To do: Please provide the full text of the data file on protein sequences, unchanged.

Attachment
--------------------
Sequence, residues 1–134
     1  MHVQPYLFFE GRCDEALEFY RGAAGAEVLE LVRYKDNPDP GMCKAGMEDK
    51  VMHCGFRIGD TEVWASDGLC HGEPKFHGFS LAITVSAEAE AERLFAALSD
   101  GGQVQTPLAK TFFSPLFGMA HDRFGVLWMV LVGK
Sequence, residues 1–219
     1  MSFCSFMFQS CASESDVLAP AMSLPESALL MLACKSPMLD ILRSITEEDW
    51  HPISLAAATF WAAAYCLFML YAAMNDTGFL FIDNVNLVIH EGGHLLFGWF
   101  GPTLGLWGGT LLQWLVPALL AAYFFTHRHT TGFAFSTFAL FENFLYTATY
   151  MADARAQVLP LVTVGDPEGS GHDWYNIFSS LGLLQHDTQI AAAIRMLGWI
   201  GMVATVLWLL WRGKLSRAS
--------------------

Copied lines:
Sequence, residues 1–134
     1  MHVQPYLFFE GRCDEALEFY RGAAGAEVLE LVRYKDNPDP GMCKAGMEDK
    51  VMHCGFRIGD TEVWASDGLC HGEPKFHGFS LAITVSAEAE AERLFAALSD
   101  GGQVQTPLAK TFFSPLFGMA HDRFGVLWMV LVGK
Sequence, residues 1–219
     1  MSFCSFMFQS CASESDVLAP AMSLPESALL MLACKSPMLD ILRSITEEDW
    51  HPISLAAATF WAAAYCLFML YAAMNDTGFL FIDNVNLVIH EGGHLLFGWF
   101  GPTLGLWGGT LLQWLVPALL AAYFFTHRHT TGFAFSTFAL FENFLYTATY
   151  MADARAQVLP LVTVGDPEGS GHDWYNIFSS LGLLQHDTQI AAAIRMLGWI
   201  GMVATVLWLL WRGKLSRAS